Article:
A through line in Sheila Heti’s dazzling, eccentric, and unusually rewarding How Should a Person Be? is a competition between two artists to see who can create the ugliest painting. They struggle with this, of course, not because they can’t make something that is unattractive (anyone can do that), but because it turns out that capturing true ugliness is every bit as difficult as crafting true beauty. And, anyway, what is “ugly”? What are the rules that govern such aesthetic interpretations?
How do we know which rules to follow, anyway?
Really, How Should a Person Be is about the presence/absence of those kinds of boundaries: the rules that impose meaning on our restless, chaotic lives. At every turn, characters mull the apparent conventions, but also the frustrating absence of guidelines, which when followed would provide a semblance of structure to our social, spiritual, sexual, and creative lives.
Indeed, in the most instructive, and most memorable sequence in the novel, the protagonist “Sheila” watches as two friends play a game of squash. It’s chaos down there on the court, impossible to follow, harder still to see who’s winning. Do they even know the rules? Do they care? Apparently not. “‘They’re just slamming the ball around,’ her friend Jon observes.” I’ll be goddamned if I can think of a better metaphor for life in this vertiginous, late capitalist moment.
The other through-line in Heti’s novel – which suggests autobiography, despite being heavily fictionalized – is Sheila’s struggle to write a play. The work was commissioned, and she needed the dough, so despite the fact that she didn’t know what she was doing, she took the gig. Her existential struggle to determine the answer to the novel’s titular question is, then, mirrored by her basic struggle to create art under these circumstances.
And so, when it was announced that Toronto-based independent theatre company Suburban Beast (in partnership with Videofag, the shoebox-tiny theatre in hip Kensington Market run by director Jordan Tannahill) was staging Heti’s fabled, unseen, decade-old play All Our Happy Days Are Stupid, fans of the novel buzzed with excitement. Even if there wasn’t a connection between this play and the one “Sheila” was grappling with throughout HSAPB, the possibility was too tantalizing to dismiss.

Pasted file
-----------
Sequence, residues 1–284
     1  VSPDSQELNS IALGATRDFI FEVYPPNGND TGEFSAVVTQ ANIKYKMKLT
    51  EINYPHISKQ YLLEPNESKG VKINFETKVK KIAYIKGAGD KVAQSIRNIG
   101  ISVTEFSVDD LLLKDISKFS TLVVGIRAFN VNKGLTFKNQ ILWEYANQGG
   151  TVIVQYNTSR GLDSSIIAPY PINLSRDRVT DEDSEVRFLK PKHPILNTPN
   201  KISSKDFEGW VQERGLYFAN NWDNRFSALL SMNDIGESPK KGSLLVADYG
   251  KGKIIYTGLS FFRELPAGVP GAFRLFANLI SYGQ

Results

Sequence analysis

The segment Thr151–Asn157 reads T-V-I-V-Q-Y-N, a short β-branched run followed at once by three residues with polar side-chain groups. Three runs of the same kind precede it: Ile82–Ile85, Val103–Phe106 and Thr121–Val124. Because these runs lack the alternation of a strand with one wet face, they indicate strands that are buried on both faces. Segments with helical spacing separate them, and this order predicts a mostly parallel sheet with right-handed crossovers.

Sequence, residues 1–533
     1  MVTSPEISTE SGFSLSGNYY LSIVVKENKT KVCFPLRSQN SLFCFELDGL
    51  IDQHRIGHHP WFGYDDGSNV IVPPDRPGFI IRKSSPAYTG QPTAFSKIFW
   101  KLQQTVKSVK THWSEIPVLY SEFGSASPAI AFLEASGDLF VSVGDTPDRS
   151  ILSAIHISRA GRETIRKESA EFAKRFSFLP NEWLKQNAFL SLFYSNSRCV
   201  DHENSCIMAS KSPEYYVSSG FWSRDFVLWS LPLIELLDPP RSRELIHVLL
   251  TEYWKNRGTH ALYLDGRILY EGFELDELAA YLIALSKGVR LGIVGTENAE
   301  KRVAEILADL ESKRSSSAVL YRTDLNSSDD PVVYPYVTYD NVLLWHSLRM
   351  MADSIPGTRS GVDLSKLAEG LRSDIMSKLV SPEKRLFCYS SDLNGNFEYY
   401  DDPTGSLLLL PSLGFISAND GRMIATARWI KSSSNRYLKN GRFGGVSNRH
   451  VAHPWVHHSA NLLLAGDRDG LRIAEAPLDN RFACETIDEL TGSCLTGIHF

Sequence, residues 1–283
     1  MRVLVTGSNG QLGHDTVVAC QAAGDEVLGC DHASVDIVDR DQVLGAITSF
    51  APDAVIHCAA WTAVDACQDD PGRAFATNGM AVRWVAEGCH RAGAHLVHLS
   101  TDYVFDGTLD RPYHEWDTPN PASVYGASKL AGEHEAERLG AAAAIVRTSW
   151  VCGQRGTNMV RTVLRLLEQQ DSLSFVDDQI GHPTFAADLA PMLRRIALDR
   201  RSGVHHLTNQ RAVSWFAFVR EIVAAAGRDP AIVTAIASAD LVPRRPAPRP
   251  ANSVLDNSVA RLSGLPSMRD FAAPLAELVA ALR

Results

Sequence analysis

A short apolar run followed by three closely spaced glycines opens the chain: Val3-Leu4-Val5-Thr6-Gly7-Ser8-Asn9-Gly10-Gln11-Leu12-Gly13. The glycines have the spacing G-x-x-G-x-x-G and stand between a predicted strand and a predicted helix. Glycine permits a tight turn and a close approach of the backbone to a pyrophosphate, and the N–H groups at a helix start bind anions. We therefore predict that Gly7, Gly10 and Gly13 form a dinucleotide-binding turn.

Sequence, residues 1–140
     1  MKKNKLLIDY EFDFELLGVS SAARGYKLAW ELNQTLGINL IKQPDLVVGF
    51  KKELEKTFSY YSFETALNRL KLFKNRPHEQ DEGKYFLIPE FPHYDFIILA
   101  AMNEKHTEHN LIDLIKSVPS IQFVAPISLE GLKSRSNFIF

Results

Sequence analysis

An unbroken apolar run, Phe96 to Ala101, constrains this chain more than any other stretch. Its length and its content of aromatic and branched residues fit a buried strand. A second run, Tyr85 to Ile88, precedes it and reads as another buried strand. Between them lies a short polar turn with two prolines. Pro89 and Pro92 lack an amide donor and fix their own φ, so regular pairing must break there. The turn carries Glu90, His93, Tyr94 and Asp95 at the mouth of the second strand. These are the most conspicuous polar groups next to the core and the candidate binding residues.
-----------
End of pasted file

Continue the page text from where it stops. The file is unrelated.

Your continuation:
Almost right away the run was sold out. And, judging by the waves of excitement washing over the room the other night, I can’t imagine many patrons will be disappointed by what they’ll see on that rail-thin stage.
In All Our Happy Days Are Stupid, the Oddis and the Sings are two families from the same suburban community who run into each other while vacationing in Paris. Their adolescent children know each other from school, and have an instant connection, but the two mothers are immediately at each other’s nerves. Blonde, uncouth and inelegant, Grace Oddi (Naomi Skwarna) slaps up against the austere, raven-haired, and impossibly uptight Joy Sing (Becky Johnson), while their husbands stand ineffectually off to the side. As their kids, Jenny (a terrific Lorna Wright) and Daniel (Nick Hune Brown) radiate warmth, inquisitiveness, and the authenticity of guileless youth, while their mothers are played broadly, right on the knife-edge of camp. (Both lead actresses do a remarkable job here, finding just the right pitch to match the play’s oddball tone.)
Frustrated by their inability to find anything like the Paris they had been hoping for – a parade keeps winding through the scene, something which bothers them immensely for its apparent incongruousness with their expectations – they bicker, fail to connect, and frustrate their kids. That is, until Daniel joins the parade, wanders off, and disappears.
We are deep into absurdist territory here, and little in terms of plot from this point on can be described without my wandering off and disappearing myself. But, suffice it to say, Daniel’s disappearance is best understood as an escape, a refusal of the life that he had been living, and this gesture inspires the same in some of the other characters, with varying results.
Throughout, the play emphasizes the constructedness of our daily lives, the patterns we fall into, and the fundamental inauthenticity of our “happy days” when viewed through this lens. But, it wonders, does escape from these routines automatically result in “happy days”? And, even if it does, are “happy days” enough?
Featuring music by Dan Bejar (the deeply distinctive singer-songwriter behind Destroyer and about 1/3 of the songs by the New Pornographers), a compelling cast of professional and amateur actors (including a scene stealing Kayla Lorette and (remarkably) Heti’s ex-husband, celebrated music journalist Carl Wilson), an ingeniously ascetic set, and some of the most delightfully baffling moments you are likely to see onstage this season, All Our Happy Days Are Stupid is a triumph of intellectually-engaged theatre.